The University of Sydney, Australia
Mohammadreza Behi was born in Iran in 1984. He received the B.Sc. Degree from the Shahrood University of Technology, Shahrood, Iran, in 2008 and his M.Sc from University of Gavle/ Royal Institute of Technology (KTH), Sweden, in 2012, and Professional Doctorate in Engineering (PDEng.) from Technical University of Eindhoven (TU/e), the Netherlands, in 2014. He worked as a researcher in the NanoHex (The world’s largest collaborative nanotechnology project in EU) at Department of Energy Technology at KTH during his M.Sc studies. From 2013 to late 2014, as part of his PDEng, he involved in the LIFE EU Project Called SUNCOOL to manufacture and develop solar cooling modules, at ClimateWell AB, Stockholm, Sweden. Currently, he has started a Ph.D. on Nanofluidic and Nano-engineered coolants in the School of Chemical and Biomolecular Engineering at The University of Sydney. His main areas of research interest are Micro/Nanoscale heat transfer, Nanofluidic, and Solar thermal energy. He is a member of the American Society of Mechanical Engineers (ASME) and the Association of Professional Engineers in Australia. He is also a reviewer of Journal of Energy, Elsevier.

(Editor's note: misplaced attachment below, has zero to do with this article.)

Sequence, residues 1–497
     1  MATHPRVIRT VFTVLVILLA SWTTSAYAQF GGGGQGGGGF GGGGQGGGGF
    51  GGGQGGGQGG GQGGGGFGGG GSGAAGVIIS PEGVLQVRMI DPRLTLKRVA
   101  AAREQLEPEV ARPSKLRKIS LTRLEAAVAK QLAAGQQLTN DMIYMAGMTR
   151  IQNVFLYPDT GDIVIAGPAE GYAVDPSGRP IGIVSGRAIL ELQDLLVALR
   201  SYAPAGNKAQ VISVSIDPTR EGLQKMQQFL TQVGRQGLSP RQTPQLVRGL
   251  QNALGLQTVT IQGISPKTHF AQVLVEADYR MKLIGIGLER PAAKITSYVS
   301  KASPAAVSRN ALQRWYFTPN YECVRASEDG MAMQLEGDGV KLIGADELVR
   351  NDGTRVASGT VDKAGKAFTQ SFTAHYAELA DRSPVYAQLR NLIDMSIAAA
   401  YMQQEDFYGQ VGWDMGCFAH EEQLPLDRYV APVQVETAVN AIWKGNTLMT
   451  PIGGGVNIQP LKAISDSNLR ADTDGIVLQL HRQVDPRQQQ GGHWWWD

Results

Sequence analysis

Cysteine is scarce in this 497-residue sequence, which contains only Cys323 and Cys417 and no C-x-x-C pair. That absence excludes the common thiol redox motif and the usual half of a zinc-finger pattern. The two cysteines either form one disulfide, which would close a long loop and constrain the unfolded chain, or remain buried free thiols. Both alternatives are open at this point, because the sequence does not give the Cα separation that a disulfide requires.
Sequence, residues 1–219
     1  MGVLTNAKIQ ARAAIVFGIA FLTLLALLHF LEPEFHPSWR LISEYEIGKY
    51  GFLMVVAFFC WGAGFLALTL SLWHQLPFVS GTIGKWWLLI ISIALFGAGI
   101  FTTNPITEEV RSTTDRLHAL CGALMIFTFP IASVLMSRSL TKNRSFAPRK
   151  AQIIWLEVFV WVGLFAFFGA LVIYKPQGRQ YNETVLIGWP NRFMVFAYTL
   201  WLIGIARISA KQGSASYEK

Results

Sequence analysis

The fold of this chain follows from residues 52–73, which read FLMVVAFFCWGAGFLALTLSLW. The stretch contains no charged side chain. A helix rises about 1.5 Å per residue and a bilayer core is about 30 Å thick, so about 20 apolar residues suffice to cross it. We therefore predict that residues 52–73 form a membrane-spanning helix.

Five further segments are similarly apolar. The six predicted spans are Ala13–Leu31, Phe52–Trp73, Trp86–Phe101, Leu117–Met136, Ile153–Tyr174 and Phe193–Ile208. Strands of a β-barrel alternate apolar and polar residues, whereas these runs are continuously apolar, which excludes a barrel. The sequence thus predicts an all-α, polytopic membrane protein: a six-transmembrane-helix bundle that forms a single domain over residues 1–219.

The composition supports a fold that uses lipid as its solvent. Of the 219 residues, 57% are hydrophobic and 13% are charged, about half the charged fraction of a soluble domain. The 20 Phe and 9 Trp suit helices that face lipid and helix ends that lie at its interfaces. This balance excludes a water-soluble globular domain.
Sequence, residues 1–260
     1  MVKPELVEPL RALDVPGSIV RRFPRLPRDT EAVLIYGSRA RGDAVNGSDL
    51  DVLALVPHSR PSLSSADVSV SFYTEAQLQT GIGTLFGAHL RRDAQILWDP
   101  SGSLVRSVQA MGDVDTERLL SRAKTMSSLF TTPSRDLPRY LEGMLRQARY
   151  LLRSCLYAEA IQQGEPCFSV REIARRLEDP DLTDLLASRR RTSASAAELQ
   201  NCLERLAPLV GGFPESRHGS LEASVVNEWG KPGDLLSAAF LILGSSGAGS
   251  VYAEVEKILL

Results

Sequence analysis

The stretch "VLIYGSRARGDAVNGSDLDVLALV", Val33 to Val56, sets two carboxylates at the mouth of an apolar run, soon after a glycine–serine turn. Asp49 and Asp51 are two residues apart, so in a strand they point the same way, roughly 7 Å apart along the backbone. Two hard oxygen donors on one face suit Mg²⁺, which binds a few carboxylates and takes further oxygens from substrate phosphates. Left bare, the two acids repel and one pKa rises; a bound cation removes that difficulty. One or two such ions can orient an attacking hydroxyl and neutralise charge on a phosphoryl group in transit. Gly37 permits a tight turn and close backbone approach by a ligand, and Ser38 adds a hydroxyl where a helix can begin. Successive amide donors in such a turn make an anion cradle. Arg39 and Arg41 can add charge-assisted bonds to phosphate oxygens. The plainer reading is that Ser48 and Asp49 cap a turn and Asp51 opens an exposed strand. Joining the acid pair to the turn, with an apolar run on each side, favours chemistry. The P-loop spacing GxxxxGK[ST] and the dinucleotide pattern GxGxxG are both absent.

Nanofluids are conventional fluids containing nanoparticles smaller than 100 nm. Nanofluidic suspensions have rapidly grown in different applications such as solar energy and heat transfer in the last decade. Thermophysical properties and heat transfer enhancement of Nanofluids (NFs) are part of the major interests of researchers in this field. The present paper investigates one of the critical parameters that influence the thermal conductivity of nano-coolant. The impact of particle size of nanofluids was studied using Transient Plane Source (TPS) method. The Al2O3 Nanofluids with three different particle sizes (40 nm, 150 nm, and 250 nm) were used at the ambient temperature. The particle weight fraction of the nanoparticles was kept constant at 9 wt% in basefluids that is water and Ethylene glycol mixture (50:50 weight ratio). Furthermore, a theoretical study conducted to compare the experimental results with some of existing classical models. From the data analysis, the effect of nanoparticle size is identified as a critical factor on thermophysical properties, increasing the particle size led to decreasing the thermal conductivity.